Maquoketa Formation



The Maquoketa formation of Richmondian age, exposed in the UMV, has caused quite a few conundrums concerning its depositional history. My stab at trying to succinctly describe it is as follows: following deposition of the Dubuque formation sea levels increased significantly causing the carbonate shelf to shift toward the north and northwest most likely inundating the Transcontinental Arch and forming a carbonate shelf extending from the present southeast Minnesota all the way to northern Canada. Unfortunately, the following late Ordovician (Hirnatian) ice age caused sea levels to drop significantly allowing erosion of much of this shallow water carbonate over higher elevations.

What remains, in the UMV outcrop belt, preserves the transition zone from carbonate shelf through the slope facies to deep water deposition in the Illinois basin.

The Elgin member of the Maquoketa formation is the lowest member and the only unit of the formation preserved in southeast Minnesota and the border area with northeast Iowa. Here the carbonate deposition exhibits a shallowing upwards sequence moving from a low diversity fauna (primarily graptolites and asphid trilobites) to a more shallow water benthic community with a diverse fauna of brachiopods, pelecypods, nautiloids, trilobites, crinoids, sponges and solitary corals. The rock is primarily micrite (carbonate mud) and for trilobite collectors the primary collecting technique is breaking rock. Large specimens of Isotelus (6 – 10 inch) can be found with persistence but skelites (individual thoracic segments, pygidia, librigem, hypostomes, etc.) of individuals that would rival the world’s biggest trilobite (Isotelus rex) are not uncommon. Also among the dominantly Isotelids can be found rarer forms including Flexicalymene, Gravicalymene, Ceraurus, Ectenaspis and Brachiyaspis.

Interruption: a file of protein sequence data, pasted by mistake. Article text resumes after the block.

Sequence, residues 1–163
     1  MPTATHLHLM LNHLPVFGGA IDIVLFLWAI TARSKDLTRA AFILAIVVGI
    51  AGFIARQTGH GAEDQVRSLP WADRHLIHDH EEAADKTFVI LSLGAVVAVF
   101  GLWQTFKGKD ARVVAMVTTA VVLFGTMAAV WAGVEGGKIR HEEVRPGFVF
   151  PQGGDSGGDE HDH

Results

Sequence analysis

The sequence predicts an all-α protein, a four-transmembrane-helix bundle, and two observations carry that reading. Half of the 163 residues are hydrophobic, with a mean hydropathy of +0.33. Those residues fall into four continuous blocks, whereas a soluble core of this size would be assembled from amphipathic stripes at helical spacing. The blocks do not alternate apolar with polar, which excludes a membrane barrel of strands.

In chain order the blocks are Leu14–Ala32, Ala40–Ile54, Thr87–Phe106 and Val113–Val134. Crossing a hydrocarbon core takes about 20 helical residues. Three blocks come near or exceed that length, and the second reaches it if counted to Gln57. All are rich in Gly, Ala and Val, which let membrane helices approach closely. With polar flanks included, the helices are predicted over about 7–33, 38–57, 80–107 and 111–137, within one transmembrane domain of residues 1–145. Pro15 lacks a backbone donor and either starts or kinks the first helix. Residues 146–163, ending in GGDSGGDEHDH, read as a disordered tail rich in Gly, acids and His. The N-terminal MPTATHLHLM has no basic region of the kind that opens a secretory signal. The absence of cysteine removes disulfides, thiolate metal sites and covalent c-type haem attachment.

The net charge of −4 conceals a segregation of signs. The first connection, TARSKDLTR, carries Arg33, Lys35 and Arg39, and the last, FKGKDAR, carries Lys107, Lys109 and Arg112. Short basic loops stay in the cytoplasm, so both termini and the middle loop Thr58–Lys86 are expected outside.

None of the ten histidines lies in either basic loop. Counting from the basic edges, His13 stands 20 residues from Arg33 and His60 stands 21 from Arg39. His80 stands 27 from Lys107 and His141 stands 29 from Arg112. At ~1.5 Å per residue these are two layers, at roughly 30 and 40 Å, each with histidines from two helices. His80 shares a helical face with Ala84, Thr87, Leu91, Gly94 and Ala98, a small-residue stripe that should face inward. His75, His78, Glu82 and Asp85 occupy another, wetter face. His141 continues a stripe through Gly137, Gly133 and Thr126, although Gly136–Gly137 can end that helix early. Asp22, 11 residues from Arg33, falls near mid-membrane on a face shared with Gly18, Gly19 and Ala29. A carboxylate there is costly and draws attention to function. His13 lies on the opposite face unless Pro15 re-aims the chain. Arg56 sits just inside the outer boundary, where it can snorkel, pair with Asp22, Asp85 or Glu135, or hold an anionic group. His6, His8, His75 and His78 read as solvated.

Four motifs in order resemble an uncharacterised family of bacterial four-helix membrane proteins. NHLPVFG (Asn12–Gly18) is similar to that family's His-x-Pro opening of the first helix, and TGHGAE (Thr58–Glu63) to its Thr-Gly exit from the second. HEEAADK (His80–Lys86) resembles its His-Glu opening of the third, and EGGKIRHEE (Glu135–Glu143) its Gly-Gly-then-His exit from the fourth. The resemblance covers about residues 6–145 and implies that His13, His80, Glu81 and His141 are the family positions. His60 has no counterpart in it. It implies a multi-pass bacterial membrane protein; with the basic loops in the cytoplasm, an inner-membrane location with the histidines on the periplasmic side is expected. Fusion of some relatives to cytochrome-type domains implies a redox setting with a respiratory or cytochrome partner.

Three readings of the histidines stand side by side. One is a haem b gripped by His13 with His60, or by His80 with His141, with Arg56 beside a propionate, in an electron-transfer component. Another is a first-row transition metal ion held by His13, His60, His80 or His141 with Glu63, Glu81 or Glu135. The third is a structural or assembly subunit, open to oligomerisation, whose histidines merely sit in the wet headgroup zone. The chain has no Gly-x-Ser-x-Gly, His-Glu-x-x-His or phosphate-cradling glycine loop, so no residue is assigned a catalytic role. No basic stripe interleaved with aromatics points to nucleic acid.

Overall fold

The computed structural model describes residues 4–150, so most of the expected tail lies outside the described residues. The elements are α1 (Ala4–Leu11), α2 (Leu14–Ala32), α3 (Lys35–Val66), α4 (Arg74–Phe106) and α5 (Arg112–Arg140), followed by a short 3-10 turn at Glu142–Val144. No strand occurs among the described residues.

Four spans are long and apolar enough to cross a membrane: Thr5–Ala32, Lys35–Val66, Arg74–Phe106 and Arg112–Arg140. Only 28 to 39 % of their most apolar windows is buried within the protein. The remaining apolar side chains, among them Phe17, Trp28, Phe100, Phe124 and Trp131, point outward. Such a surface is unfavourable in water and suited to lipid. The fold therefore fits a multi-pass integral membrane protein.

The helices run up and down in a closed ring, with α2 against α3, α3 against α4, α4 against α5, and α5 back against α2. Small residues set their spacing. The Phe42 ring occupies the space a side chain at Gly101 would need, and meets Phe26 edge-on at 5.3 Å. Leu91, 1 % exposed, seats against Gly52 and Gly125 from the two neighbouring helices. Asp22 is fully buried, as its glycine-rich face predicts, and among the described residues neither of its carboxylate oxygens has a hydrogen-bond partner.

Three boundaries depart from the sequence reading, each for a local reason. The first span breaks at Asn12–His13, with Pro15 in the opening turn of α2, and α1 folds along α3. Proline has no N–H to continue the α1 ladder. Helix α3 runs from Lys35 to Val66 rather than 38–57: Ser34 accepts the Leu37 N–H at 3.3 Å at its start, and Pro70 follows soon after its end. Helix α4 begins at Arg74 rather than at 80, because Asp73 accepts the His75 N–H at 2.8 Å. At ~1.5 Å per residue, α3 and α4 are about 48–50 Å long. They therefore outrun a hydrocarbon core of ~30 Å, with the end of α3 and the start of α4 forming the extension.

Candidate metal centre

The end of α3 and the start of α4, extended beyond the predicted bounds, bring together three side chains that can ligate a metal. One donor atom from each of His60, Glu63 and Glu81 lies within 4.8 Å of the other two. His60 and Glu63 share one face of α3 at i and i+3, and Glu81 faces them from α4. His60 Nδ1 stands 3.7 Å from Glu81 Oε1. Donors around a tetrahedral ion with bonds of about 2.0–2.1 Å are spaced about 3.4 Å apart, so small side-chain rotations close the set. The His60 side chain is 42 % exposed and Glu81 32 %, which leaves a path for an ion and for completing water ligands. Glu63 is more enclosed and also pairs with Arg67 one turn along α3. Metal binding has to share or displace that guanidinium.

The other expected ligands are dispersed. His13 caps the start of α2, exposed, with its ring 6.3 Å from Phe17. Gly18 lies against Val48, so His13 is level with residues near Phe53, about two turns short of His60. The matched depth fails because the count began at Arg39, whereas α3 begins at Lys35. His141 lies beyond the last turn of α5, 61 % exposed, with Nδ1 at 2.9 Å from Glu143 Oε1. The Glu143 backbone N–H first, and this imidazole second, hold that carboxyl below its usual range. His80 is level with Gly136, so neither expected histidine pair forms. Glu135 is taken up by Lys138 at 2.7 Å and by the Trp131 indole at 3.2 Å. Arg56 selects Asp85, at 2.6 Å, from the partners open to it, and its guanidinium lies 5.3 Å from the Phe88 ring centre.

Shale increases down-slope and up-section as one moves south into Iowa. The Elgin member in Fayette County, Iowa is described as consisting of 66 to 79 feet of micritic limestone with shale interbeds. Shale increases upward through the section. Many, if not all, of those thin (2 – 5 inch) carbonate beds, including the classic Anataphrus vigilans zone represent distal tempestites or turbidites. This is supported by the taphonomy of Anataphrus trilobites that can be found in the carbonate beds. Most are found at right angles or odd angles to the bedding plane and are easiest to find by breaking the carbonate beds and looking on the edges.

The upper Elgin and overlying Clermont shale yield along with Anataphrus, Flexicalymene, Calyptaulax, Ceraurus, Bumastoides, Nahannia, Ceraurinus, Sphaerocorphe, a couple of species of Amphilichas and a rare Scutelid.

Unfortunately, the increased shale in the formation means that outcrops are usually the result of construction or quarrying activity and do not persist, usually becoming grassed over in a few years.